Monday, May 04, 2009


What do I say to you when you open your eyes to me, blinking?

What do I say to you, as you stare to the right?

What do I say when you can only utter faint noises in response to my questions?

What do I say to you when I see those crumpled hands grasping the sheet below?

What do I say to you now that a triple-lumen catheter’s in your leg?

That pinned hip will help you now, won’t it?

Are you in pain?

Are you hungry?

Are you thirsty?

Are you warm enough?

How do I know?

What does one say, to a 96 year-old like this?



Not knowing not what to say.

Except, perhaps, I’m sorry.



Anonymous said...

You may not know what to say, but never underestimate the power of your touch.

Christian Sinclair said...

great post. I have felt the same before. Thanks for putting it into words.

SeaSpray said...

This was very moving Dr Wes.

I worried about my mother not being able to consistently speak up for herself these last few months.

I wondered what she was really thinking...and feeling.

And I wondered if the nursing home staff or the doctors took her seriously when she did speak... or did they brush her off as just another elderly lady with dementia?

And I wonder if she was in real pain the last couple of months.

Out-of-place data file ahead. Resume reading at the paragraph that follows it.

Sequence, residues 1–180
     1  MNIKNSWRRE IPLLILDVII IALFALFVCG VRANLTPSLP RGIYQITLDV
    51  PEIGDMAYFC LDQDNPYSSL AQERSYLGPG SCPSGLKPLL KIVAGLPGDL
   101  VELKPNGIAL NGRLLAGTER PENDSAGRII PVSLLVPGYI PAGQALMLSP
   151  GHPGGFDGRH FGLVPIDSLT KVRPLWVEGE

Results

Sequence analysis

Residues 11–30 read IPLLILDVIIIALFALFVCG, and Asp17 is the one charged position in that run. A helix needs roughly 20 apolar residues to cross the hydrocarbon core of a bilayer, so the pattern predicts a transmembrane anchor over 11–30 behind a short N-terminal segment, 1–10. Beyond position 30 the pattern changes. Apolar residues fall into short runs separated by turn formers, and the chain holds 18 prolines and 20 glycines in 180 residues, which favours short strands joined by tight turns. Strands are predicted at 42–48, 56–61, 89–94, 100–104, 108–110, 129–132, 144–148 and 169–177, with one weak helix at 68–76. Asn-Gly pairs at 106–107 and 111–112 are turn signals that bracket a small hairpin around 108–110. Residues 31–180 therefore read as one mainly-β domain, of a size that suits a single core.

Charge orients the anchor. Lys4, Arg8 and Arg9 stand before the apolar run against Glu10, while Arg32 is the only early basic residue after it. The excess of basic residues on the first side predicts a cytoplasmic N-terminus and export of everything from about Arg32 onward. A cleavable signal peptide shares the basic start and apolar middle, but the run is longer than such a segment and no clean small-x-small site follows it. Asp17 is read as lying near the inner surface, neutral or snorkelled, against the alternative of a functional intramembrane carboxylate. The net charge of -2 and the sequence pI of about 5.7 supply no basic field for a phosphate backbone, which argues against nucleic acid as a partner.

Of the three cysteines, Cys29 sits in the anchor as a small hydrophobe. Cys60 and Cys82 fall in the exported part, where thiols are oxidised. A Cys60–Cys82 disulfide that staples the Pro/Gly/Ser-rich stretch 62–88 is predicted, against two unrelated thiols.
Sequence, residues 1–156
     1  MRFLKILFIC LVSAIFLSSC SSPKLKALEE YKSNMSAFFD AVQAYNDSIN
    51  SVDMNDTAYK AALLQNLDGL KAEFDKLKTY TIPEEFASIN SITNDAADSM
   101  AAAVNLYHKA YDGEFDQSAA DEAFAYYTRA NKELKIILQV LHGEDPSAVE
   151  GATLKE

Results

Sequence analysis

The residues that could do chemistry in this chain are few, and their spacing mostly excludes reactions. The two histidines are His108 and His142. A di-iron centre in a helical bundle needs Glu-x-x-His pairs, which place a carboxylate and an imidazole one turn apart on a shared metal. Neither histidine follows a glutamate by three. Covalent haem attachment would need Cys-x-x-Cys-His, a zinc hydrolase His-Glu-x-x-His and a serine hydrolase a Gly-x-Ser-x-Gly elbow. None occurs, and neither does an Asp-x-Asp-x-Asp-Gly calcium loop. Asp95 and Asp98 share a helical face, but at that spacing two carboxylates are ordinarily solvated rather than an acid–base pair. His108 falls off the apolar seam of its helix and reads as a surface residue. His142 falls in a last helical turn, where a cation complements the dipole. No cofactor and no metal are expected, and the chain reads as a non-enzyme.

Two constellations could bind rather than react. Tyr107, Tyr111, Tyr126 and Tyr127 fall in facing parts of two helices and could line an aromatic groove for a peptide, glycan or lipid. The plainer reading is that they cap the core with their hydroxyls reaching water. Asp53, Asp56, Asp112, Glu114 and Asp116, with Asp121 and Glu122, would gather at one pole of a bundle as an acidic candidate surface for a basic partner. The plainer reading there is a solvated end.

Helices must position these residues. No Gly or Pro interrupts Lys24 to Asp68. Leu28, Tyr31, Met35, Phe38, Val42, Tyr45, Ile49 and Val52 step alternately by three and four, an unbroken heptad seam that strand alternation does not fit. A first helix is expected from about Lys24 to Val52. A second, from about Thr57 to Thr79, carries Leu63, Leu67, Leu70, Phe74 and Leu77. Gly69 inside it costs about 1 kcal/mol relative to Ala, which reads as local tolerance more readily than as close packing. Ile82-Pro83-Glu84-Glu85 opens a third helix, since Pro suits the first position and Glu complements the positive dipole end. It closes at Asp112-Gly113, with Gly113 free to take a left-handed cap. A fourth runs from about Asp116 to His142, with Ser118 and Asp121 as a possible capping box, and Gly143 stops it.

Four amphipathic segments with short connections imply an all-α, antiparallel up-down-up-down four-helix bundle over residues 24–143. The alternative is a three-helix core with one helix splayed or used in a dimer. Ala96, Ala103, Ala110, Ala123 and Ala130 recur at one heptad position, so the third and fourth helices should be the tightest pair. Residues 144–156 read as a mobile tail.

I agree...the power of touch can speak volumes.. more than words can...especially when one is in such a vulnerable position. Leaving your hand with a firm touch where ever it feels appropriate...perhaps clasping a hand while you talk with compassion... is healing and transcends words. Especially with the elderly who often seem to be forgotten.

And even tho you may not be getting an appropriate response... your words may be understood.

I've told this story before. One night and elderly woman was brought in from a nursing home and by all appearances she was what they referred to as gorked. She didn't speak or respond. I don't recall why, but the ED doc thinking he was funny, made fun of her. he actually was a good doctor and so I don't know what got into him. That little old lady never spoke but she had tears falling down the side of her face as she lay there on the stretcher.

I think anytime compassion is extended... it will always do what it was intended to do..even if we don't see the results...and that goes both ways... for the patient and the person extending it.